You are here

Theme 3: Vaccine delivery and confidence

The overarching aim of the ‘Vaccine Delivery & Confidence’ research theme is to understand factors that contribute to challenges in programme delivery and performances, lack of public confidence in immunisation and poor vaccine uptake.

The aim is to collect date that will help determine ways to resolve these issues. Our research strategy focuses both on the organisation of health systems involved in the immunisation programme and populations with poor vaccination coverage (e.g. elderly, risk groups aged <65 years, pregnant women, health care workers, urban migrants) in order to improve coverage and programme efficiency.

In addition, the plan is to be responsive and flexible and to make use of on-going data produced by Public Health England in order to tailor subsequent research to under-served populations and particular concerns that arise. We aim to deliver results that feed directly into policy recommendations to ensure that the immunisation programme and related health systems can respond intelligently, rapidly and effectively. 

Projects

  • Influenza vaccination of health care staff in acute hospitals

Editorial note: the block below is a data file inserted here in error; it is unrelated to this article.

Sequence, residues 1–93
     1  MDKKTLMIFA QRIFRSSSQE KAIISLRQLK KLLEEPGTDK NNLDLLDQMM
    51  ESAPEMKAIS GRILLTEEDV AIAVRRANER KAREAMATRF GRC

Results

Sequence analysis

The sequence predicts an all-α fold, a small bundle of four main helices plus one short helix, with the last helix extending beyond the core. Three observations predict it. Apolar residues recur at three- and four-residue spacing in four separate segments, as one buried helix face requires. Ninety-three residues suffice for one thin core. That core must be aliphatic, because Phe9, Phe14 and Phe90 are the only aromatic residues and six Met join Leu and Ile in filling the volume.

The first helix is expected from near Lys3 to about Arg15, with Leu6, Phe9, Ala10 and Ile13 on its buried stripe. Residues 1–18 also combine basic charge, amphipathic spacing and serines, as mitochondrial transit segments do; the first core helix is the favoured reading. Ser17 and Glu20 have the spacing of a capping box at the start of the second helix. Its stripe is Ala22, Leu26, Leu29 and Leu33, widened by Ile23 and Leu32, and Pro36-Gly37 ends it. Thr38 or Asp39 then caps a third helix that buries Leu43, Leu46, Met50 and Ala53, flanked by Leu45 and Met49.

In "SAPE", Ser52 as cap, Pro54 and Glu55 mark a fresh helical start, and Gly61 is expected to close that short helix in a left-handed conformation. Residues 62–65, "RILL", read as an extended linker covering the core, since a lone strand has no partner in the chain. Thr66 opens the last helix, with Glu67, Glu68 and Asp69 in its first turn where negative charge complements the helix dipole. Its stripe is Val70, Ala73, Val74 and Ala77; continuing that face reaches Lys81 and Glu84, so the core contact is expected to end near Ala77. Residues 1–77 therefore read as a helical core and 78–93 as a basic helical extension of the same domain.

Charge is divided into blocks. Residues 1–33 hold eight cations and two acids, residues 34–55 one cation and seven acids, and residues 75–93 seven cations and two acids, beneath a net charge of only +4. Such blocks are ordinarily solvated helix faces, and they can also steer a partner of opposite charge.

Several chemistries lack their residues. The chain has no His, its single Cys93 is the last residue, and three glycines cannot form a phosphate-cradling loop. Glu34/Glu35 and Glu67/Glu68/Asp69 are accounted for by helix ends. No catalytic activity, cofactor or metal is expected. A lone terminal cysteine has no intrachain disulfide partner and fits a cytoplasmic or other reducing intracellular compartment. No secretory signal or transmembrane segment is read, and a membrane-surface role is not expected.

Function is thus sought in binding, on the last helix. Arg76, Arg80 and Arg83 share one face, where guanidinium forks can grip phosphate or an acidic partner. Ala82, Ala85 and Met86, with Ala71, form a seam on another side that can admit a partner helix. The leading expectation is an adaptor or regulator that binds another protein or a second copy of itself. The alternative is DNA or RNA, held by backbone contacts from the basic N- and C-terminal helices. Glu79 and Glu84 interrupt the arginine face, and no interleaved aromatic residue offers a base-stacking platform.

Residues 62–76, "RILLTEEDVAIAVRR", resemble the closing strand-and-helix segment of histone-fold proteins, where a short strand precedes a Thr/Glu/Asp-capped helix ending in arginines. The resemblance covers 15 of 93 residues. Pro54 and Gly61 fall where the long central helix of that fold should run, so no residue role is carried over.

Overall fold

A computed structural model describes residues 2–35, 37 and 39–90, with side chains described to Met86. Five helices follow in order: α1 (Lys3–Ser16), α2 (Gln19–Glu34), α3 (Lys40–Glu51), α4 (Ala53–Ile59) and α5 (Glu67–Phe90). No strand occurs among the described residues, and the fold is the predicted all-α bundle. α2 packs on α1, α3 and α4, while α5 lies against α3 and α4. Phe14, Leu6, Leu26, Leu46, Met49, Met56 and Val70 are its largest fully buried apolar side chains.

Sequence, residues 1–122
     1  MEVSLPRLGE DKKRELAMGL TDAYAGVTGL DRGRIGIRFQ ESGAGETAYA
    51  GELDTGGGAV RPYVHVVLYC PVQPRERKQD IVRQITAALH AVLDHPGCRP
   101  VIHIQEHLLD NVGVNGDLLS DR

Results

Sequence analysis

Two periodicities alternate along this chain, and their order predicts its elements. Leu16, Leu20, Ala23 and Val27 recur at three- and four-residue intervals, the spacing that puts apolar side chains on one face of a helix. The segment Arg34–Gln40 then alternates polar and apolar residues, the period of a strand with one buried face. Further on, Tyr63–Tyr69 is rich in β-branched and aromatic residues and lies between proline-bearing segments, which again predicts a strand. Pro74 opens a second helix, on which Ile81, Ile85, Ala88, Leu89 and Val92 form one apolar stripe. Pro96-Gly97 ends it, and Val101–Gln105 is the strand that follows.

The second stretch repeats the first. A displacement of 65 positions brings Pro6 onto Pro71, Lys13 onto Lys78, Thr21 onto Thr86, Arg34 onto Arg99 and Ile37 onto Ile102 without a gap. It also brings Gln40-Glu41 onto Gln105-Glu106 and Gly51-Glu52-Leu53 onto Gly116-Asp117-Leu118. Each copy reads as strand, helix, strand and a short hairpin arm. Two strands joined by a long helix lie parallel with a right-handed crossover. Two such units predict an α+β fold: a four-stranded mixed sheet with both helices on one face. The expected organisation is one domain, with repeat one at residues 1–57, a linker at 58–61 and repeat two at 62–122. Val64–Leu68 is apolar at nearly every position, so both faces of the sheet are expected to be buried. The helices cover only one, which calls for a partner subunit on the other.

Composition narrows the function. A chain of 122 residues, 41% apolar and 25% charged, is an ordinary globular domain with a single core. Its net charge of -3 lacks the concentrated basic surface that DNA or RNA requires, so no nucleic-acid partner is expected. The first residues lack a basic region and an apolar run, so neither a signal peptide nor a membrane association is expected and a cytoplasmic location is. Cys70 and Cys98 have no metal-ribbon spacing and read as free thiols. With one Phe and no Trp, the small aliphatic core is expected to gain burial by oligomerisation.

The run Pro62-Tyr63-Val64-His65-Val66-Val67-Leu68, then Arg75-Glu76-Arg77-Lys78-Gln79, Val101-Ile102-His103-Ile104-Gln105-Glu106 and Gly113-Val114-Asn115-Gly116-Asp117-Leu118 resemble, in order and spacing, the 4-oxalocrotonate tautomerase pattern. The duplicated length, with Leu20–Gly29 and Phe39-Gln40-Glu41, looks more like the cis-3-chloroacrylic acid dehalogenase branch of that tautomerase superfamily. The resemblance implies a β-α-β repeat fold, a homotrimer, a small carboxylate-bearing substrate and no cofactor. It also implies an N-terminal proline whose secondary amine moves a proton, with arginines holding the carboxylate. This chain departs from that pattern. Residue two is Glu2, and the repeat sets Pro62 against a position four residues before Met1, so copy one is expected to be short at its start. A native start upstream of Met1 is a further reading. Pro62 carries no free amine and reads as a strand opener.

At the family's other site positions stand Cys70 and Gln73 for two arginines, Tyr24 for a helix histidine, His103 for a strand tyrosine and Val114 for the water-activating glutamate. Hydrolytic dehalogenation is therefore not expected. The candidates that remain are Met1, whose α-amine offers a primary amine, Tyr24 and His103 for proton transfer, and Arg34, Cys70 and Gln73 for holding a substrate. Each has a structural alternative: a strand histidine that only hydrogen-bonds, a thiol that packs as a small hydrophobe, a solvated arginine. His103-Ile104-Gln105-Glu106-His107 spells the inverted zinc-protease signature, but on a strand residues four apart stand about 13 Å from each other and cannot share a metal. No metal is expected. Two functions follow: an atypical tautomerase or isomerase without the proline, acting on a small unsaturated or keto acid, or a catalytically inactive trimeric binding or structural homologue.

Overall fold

Sandra Mounier-Jack, Sadie Bell, Tracey Chanter, Angela Edwards, Jo Yarwood, Pauline Paterson
    In this study commissioned by NHS improvement and PHE, we aimed to identify factors which drive high or low vaccination uptake of healthcare workers in acute trusts, and investigate the effect of the opt-out policy introduced in 2018/19. The study explored the views of vaccinators and flu programme managers on the seasonal influenza vaccination. The study was conducted in 9 acute hospitals with varying coverage and involved over 50 interviews. The study results are helping the Department of Health and NHS England to refine national policy guidance for next year.
  • Understanding factors influencing vaccination access and uptake in Polish and Romanian communities
    Sadie Bell, Michael Edelstein, Vanessa Saliba, Mateusz Zatonski, Mary Ramsay, Sandra Mounier-Jack
    In a two-phase interview study, we have looked at factors affecting vaccination access and uptake in Polish, Romanian and Roma Romanian communities. Study findings have highlighted a need for clearer signposting on how to navigate the NHS, the provision of information about vaccinations in translated forms, and support for healthcare workers to manage differences in vaccination schedules between countries. To promote vaccination and prevent disease outbreaks, healthcare workers and public health partners need to work together to build trust and links with underserved communities who may face additional barriers to accessing health services.
  • Evaluation of the Implementation of Routine Vaccination at GP Practice Level in England
    Tim Crocker-Buque, Mary Ramsay, Sandra Mounier-Jack